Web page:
Special Operations Forces take surveillance arsenal to war
New tools and equipment help safeguard elite and redeploying troops
- By David Walsh
- May 15, 2012
Any military draw down, such as what we’ve seen in Iraq and will experience in Afghanistan, is an especially hazardous time. The asymmetric enemy, ever adaptive and certainly emboldened, is alert to any hint of slackened security. Combat arenas are experiencing an ominous uptick of improvised explosive devices (IEDs) and shoot-and-scoot attacks.
As U.S. conventional forces draw down in Afghanistan, Special Forces are tasked with multiple responsibilities. Special Forces personnel reportedly now must help watch forward-operating and air bases, staging areas, truck parks, ammunition depots and other facilities.
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To enable this, personnel employ a burgeoning array of command, control, communications, computers, intelligence, surveillance and reconnaissance (C4ISR) technology to gain timely, actionable intelligence on enemy movements, and beyond-the-wire situational awareness.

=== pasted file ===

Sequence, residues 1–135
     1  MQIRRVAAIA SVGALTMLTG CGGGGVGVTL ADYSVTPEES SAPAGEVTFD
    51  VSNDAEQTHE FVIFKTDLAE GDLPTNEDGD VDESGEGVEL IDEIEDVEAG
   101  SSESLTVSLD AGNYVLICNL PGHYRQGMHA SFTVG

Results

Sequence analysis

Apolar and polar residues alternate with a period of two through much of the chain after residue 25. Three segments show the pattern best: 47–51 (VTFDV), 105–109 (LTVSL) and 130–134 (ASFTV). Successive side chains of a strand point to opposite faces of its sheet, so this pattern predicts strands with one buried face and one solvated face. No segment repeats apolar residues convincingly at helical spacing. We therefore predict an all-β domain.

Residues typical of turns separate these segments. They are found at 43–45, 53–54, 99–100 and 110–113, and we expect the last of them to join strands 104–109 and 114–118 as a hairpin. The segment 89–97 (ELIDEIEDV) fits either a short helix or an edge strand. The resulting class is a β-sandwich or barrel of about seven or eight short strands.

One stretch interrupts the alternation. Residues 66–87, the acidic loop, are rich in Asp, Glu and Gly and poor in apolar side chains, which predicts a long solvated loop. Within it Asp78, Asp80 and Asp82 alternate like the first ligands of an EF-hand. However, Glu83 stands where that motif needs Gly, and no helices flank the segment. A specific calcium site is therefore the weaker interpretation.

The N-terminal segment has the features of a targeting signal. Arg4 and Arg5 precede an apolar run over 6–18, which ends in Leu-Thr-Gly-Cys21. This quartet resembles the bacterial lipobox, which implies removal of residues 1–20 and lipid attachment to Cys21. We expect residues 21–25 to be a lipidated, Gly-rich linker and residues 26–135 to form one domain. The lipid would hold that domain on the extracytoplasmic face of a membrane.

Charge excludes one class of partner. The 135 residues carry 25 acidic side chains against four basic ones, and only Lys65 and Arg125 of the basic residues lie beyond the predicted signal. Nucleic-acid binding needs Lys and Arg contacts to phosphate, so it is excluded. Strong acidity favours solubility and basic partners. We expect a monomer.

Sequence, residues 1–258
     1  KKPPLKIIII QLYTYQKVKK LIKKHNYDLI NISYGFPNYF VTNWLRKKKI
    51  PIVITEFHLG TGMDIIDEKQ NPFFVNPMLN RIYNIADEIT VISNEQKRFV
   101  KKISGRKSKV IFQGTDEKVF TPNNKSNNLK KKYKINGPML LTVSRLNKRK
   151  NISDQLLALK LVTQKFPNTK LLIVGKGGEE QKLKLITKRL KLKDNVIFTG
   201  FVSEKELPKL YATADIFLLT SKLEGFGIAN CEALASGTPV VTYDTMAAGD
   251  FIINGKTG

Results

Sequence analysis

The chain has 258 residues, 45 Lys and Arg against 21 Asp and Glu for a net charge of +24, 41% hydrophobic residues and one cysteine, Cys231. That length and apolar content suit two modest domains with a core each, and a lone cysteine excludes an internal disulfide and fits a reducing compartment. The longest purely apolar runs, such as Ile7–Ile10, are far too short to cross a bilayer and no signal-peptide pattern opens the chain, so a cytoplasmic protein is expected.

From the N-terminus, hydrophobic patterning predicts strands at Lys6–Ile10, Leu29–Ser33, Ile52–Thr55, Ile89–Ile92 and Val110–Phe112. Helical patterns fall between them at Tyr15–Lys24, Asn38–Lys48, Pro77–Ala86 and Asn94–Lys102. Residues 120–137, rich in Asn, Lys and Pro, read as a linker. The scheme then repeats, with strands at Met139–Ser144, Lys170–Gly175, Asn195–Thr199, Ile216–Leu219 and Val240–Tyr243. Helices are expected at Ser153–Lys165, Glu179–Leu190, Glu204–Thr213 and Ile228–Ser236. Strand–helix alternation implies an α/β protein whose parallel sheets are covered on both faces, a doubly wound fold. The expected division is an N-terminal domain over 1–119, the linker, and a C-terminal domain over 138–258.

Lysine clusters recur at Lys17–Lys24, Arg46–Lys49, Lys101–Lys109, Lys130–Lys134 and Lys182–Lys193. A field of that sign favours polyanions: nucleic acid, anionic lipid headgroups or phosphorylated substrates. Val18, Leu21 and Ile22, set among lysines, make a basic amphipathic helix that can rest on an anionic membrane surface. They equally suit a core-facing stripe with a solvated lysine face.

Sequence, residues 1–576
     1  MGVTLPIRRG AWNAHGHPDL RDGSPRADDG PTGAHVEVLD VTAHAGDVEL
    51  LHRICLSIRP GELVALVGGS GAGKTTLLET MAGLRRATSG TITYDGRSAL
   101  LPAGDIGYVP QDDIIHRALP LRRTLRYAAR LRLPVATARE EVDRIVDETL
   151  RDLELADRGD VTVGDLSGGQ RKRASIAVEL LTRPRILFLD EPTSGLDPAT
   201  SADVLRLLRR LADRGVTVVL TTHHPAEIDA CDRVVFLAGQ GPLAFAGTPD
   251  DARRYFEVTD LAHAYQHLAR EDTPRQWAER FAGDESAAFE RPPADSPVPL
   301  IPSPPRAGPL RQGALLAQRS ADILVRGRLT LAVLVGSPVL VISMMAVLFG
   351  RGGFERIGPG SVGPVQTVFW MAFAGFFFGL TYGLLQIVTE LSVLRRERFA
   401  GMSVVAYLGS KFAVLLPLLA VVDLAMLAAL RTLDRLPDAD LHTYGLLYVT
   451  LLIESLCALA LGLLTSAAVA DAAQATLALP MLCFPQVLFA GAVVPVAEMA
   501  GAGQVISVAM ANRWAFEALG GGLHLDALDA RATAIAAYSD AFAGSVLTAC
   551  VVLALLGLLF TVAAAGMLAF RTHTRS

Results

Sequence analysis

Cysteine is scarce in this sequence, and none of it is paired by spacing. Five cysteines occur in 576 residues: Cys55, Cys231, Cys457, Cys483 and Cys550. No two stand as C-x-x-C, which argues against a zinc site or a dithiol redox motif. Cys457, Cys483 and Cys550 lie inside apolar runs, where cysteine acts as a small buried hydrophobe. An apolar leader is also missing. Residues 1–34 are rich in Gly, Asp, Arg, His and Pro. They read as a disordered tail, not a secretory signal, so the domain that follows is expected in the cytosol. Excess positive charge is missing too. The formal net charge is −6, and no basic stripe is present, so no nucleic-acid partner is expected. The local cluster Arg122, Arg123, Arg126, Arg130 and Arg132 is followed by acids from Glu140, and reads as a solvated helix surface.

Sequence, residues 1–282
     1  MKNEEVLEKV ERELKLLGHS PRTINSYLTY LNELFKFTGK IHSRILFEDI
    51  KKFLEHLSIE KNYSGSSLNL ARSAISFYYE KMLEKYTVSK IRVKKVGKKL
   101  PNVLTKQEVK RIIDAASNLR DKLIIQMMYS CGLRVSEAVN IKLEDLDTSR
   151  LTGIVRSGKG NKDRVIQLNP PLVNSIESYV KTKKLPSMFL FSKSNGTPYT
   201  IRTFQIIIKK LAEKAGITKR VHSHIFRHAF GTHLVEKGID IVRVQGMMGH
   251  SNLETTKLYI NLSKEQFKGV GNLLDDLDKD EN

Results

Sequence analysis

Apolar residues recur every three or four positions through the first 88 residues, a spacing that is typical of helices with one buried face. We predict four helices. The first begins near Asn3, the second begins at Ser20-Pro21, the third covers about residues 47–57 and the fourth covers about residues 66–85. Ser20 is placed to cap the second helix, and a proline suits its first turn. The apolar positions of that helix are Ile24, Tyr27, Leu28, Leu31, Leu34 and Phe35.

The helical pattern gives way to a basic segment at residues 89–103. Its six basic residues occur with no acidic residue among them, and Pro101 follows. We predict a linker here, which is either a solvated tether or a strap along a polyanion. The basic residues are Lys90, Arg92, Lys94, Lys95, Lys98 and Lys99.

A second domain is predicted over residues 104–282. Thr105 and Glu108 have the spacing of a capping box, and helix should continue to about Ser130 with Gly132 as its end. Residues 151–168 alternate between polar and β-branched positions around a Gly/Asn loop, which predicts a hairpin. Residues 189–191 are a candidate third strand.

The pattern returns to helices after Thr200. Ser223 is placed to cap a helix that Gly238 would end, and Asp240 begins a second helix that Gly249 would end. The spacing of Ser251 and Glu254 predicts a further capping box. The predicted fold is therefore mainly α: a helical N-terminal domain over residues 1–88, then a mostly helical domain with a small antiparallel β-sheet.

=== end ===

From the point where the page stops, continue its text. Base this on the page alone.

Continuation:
More than ever, the watchwords are "small," "light," "durable," and "energy-efficient." Instrumentalities and applications range broadly and include Android mobile devices and other tablets, micro-mini comms units, satellite-orientation and uplink capabilities, electronic warfare/counter-electronic warfare, and cyber solutions.
Ground-based intel tools meld with small, tactical unmanned aerial vehicles (UAVs) such as the hand-launched Raven UAV. Output from the large “persistent-stare” Global Hawk, and other strategic UAVs, also is likely accessible to special operators.
The new release of a promising combination-tool garnered a lot of attention at the March 2012 Special Operations Forces Industry Conference in Tampa, Fla. General Dynamics’ Itronix GD300 wearable computer, with its Tactical Ground Reporting software and specially configured AN/PRC-154 version of the Rifleman Radio, enables inter-squad communications. (The company also makes the PathMaker, a commercial, first-responder radio for Special Forces.)